Monday, 21 September 2015



Graham Alan Gooch (born 23 July 1953) is a former England  cricketer, who captained Essex and England. He was one of the most successful international batsmen of his generation, and through a career spanning from 1973 until 2000, he became the most prolific run scorer of all time, with 67,057 runs across first class and limited overs games. His List A cricket tally of 22,211 runs is also a record. He is one of only twenty five players to have scored over 100 first class centuriesInternationally, despite being banned for three years following a rebel tour to ostracized South Africa, Graham Gooch is the second highest Test run scorer for England. His playing years spanned much of the period of domination by the West Indies, against whom his mid forties batting average is regarded as extremely creditable. His score of 154 against them at Headingley in 1991 is regarded as one of the greatest centuries of all time by many critics and former players. His career best score of 333 added to his second innings century remains the highest match aggregate at Lord's. As captain, Matthew Engel. After 118 Tests, aged forty two, he retired into coaching and as team selector, before becoming a commentator. In 2009 he was inducted into the ICC Cricket Hall of Fame. He returned to coach Essex, in 2012.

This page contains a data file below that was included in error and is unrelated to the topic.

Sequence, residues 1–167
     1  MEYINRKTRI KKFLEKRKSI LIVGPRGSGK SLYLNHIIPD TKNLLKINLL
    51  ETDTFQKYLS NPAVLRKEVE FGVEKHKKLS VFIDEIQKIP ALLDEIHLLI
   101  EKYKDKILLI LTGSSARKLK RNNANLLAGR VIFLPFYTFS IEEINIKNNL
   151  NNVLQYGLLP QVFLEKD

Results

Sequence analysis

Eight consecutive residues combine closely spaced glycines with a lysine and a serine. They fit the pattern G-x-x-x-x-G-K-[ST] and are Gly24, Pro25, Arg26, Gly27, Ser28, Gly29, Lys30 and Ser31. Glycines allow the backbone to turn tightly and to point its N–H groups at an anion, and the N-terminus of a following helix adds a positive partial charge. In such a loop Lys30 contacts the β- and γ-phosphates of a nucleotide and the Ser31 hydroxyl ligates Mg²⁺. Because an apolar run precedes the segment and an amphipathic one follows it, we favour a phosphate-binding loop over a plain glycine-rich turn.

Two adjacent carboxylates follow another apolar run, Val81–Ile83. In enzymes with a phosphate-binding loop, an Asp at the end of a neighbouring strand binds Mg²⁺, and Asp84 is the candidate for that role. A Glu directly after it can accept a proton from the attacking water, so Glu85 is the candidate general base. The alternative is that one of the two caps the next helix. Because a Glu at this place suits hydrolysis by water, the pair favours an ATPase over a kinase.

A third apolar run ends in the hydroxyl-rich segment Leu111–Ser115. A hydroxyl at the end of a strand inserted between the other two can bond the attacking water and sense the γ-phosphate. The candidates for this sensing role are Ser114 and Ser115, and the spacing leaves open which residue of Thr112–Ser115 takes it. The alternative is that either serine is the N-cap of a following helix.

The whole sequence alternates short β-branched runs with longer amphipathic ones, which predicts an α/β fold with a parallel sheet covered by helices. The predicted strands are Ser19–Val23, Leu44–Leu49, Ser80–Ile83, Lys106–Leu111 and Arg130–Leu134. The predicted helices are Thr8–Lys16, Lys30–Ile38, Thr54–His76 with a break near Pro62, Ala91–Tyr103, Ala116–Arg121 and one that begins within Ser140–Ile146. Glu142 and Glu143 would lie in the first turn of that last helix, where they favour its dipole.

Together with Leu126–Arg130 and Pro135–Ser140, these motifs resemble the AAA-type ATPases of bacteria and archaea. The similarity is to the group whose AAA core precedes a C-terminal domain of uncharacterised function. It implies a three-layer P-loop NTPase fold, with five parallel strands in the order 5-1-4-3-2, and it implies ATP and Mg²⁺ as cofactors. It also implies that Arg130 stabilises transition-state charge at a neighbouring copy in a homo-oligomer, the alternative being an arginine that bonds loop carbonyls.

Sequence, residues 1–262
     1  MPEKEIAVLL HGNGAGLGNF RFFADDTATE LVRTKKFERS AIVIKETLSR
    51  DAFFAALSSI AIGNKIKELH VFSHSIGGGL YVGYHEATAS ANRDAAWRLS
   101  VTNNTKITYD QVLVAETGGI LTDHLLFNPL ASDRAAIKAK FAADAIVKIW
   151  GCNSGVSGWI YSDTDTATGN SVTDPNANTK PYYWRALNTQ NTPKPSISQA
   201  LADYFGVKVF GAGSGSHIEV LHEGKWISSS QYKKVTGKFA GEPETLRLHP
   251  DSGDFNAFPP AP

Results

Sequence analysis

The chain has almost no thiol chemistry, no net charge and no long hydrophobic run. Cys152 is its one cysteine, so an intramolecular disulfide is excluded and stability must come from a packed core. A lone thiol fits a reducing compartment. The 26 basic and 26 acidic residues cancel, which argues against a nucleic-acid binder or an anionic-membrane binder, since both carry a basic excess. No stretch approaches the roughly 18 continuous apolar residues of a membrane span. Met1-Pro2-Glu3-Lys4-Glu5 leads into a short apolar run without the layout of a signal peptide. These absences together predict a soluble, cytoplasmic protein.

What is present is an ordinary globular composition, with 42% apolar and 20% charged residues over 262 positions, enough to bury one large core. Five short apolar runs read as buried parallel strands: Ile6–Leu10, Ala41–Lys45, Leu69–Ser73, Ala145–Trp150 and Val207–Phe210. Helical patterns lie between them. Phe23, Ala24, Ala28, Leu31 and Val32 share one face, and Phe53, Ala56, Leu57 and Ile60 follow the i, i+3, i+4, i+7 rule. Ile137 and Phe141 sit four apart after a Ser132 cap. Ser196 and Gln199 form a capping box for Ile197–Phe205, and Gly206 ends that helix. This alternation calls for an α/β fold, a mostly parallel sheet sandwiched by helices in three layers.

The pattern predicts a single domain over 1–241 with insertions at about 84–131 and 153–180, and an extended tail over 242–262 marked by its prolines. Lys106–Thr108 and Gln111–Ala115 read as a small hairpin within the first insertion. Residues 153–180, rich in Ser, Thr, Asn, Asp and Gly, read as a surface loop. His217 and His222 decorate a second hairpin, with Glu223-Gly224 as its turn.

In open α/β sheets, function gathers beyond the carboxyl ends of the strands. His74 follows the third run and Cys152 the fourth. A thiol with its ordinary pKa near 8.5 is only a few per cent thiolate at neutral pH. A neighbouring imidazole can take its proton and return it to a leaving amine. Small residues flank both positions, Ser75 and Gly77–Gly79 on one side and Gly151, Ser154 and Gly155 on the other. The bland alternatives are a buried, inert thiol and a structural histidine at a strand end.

Graham Gooch made his debut in Test cricket in 1975 at 21 against the touring Australia side captained by Ian Chappell. His debut was not a great success as Graham Gooch got a pair, and England lost the first Test by an innings and 85 runs. The second Ashes Test in the series was not much better, he scored 6 and 31 and was then dropped from the side. He was not selected again until 1978 where his scoring rate for Essex meant that he could not be ignored and he became a mainstay in the England line up. In 1980 he was awarded the Wisden Cricketer of the YearGraham Gooch had a further hiatus in his career when he went on the controversial 1982 South African rebel tour, which resulted in all of the players concerned, including Geoff Boycott, Alan Knott and Bob Wool mer, being banned from Test cricket for three years. Geoffrey Boycott was generally perceived as the key player organising the tour party but it was Graham Gooch who captained the team who gained the most media attention and in some cases vilification. Graham Gooch was not handed the captaincy until the team arrived in South Africa at the beginning of March. It could be argued that more attention was on Graham Gooch however as he was reaching his peak as a Test Player, others were in the twilight years of their cricket careers and so the ban was arguably felt more acutely by the captain. Graham Gooch claimed in the film "Out of the Wilderness" that 'others' decided he "had no place in England cricket", hence his decision to join the tour. Graham Gooch was restored to the England team in 1985. Opting to miss the 1986-87 tour of Australia for personal reasons a severe loss of form resulted in failing to win back his England place for the 1987 summer and Test series against Pakistan indeed at one stage he was even dropped to the Second XI at Essex but his form returned at the end of the summer with a superb century in the MCC Bicentennial match. He returned to the England team for the Cricket World Cup in India and Pakistan, and the subsequent winter tour of Pakistan. His career blossomed later after being appointed captain, a position he held twice firstly and briefly, at the end of the "summer of four captains" in 1988, as a replacement for the injured Chris Cowdrey who never played another Test. In his first match ''last of the series against the West Indies'', England at least showed some spirit, taking a first innings lead for the only time in the series but Graham Gooch's second innings 84 stood alone as the rest of the batting collapsed, England losing the match series 4-0. His second match, the one off Test against Sri Lanka, was won, and all seemed fair for Graham Gooch to remain as captain for the tour of India that winter. But that tour was cancelled over the Indian government's refusal to grant visas to the eight players who had sporting links with South Africa, including Gooch himself. Gower was thus returned as captain for the losing 1989 Ashes series in which, for a second time, Graham Gooch's loss of form with the bat resulted in his being dropped, by his own request this time. After Gower's